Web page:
The saying goes, “If it ain’t broke, don’t fix it.”  There is certainly nothing broken or in need of a fix when it comes to the music of Pastor Caesar and the writing and production of her longtime music director, Michael Mathis.  Still, their collaborations with this project’s host of creative writers, producers, musicians, and background singers has reinvigorated the Caesar sound and brought out the best in one of the best to ever sing or preach a gospel message

I have never made such a bold prediction and do not know what the rest of the year holds for highly anticipated music releases, but I believe Fill This House may net the reigning queen of gospel Grammy number twelve. 

“It’s Alright, It’s OK” – “Need Him Now”

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SWELTERIN’ (5 of 5 Stars)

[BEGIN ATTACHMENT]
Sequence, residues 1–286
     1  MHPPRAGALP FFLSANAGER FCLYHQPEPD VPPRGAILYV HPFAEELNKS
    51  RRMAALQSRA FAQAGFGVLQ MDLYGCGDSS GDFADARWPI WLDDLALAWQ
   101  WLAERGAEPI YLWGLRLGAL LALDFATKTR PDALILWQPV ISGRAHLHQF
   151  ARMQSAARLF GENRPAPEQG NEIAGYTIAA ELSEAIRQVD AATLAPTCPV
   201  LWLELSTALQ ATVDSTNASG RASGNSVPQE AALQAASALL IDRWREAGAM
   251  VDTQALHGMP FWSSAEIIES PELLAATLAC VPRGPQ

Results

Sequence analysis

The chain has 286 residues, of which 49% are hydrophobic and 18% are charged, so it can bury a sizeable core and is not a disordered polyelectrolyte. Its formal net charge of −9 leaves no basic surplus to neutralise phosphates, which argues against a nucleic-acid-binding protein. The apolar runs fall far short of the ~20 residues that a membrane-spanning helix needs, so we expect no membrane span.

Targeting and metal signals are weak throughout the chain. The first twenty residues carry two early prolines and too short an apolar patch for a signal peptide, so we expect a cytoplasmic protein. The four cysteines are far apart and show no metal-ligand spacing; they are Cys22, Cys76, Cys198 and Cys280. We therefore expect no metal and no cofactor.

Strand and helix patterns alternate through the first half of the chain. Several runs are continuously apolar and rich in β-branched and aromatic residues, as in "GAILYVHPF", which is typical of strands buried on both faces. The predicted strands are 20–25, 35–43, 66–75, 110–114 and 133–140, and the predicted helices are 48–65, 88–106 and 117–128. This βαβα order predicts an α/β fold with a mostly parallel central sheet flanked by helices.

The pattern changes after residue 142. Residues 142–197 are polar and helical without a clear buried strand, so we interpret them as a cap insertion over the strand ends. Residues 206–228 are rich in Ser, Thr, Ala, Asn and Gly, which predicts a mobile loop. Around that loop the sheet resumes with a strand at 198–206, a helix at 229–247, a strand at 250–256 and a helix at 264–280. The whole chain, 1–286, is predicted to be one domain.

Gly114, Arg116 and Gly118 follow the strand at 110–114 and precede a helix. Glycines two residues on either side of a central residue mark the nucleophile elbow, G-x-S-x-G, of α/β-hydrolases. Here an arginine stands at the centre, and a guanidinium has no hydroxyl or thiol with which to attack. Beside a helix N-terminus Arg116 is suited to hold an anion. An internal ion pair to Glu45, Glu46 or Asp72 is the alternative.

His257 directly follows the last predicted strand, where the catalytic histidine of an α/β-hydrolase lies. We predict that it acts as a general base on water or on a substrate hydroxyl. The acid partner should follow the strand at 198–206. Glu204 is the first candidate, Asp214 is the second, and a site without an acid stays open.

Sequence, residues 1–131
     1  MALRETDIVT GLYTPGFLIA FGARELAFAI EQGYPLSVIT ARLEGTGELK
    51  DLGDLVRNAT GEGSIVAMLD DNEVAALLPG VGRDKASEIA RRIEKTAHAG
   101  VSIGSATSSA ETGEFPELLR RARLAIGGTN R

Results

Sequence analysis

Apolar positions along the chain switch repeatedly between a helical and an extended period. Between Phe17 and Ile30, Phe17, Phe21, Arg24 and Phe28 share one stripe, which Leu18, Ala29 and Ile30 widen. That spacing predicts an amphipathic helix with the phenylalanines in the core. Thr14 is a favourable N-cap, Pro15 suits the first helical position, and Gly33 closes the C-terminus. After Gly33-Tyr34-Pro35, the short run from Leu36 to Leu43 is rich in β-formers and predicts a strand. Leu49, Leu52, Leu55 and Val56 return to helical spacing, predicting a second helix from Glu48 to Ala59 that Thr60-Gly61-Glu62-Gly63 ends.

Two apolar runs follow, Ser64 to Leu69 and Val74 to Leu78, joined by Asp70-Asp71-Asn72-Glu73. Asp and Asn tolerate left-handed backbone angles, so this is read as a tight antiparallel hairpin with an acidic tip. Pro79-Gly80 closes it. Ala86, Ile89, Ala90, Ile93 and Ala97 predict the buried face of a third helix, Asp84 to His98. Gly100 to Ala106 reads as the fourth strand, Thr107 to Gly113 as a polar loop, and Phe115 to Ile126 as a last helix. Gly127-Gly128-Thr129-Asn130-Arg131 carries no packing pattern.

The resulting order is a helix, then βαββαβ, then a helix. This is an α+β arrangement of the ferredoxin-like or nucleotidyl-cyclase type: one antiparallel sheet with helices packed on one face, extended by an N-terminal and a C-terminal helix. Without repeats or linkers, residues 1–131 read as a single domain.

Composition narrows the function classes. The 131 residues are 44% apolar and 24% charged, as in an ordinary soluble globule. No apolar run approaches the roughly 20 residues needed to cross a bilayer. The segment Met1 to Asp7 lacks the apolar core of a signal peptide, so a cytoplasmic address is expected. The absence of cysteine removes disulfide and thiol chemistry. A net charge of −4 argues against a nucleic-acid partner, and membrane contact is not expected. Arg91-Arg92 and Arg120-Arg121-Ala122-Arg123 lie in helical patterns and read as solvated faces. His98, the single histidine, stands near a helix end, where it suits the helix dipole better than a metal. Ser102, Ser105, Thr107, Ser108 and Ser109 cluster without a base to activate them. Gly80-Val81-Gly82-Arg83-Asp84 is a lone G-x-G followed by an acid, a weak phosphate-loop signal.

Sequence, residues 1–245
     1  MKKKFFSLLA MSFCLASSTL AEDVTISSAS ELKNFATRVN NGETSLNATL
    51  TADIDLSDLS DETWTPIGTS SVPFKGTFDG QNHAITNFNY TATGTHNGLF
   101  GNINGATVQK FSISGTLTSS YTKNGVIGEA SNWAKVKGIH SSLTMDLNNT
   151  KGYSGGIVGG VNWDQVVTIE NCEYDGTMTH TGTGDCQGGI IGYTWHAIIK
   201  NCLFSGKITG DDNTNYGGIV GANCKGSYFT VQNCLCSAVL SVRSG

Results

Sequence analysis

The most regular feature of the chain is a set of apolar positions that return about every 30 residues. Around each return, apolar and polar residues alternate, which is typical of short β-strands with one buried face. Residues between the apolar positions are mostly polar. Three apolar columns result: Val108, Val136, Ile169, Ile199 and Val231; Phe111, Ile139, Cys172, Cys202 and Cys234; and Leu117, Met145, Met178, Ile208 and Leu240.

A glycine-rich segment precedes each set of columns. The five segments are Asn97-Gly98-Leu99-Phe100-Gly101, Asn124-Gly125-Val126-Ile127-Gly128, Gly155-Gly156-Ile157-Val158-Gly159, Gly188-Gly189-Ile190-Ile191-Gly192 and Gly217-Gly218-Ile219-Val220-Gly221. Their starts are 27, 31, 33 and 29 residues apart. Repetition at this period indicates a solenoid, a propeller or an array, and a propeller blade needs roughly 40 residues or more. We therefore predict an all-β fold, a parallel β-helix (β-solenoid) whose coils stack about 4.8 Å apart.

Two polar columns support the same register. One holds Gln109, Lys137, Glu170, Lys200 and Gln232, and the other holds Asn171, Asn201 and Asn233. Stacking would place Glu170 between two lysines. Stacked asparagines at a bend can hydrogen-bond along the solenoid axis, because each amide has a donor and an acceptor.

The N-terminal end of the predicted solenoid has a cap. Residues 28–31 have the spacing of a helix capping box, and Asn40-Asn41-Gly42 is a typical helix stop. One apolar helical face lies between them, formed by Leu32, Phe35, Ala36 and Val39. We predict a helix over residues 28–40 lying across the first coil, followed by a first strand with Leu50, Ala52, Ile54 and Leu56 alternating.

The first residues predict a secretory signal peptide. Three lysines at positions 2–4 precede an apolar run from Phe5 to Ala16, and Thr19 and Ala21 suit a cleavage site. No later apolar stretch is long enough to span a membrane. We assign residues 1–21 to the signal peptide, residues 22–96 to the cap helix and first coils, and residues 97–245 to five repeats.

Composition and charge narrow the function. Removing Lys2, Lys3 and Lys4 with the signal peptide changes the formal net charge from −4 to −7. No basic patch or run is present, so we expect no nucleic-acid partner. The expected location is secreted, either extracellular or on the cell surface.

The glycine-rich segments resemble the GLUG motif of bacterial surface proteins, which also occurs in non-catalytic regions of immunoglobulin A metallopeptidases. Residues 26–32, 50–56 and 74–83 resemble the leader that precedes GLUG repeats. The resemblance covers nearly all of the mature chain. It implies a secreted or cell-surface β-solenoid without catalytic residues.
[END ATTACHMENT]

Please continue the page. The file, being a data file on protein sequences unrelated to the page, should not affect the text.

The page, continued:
‘Remember Me’—’Live’ In Concert – The New Christianaires

The New Christianaires "Remember Me"—"Live" In Concert cover artThe New Christianaires
“Remember Me”—”Live” In Concert
Carter Classic Records (2014)

By Libra Boyd
Gospel Music Fever

“Remember Me”—”Live” In Concert
is the latest album by The New Christianaires, whose traditional quartet style intermingled with new school arrangements gives the Florida-based group its modern edge.

Recorded live in Louisiana at House of Praise COGIC, “Remember Me”—”Live” In Concert is bursting with spiritual energy, both from the New Christianaires and their lively hand-clapping audience.  There’s no lack of singing talent in this group; all the members are lead singers.  For this project, the lead tasks are shared among Jarmain Hawthorne, Elvis Brumfield, Jr., Clint Walker, George Carter, Sr., and Joe Mitchell.  On several of the album’s 14 tracks, pairs of them tag-team to get the job done.  Their soul-steeped vocals shine brightly on “Lord I Thank You,” “Still Standing,” and “I Feel the Spirit.”  Sonorous drum and bass lines in the cantering tracks (like “When You Think” and “One of These Old Mornings”) and seamless chord progressions in the mildly paced ones (like “Praise Him” and “Trust Me”), enliven the singers’ harmonies.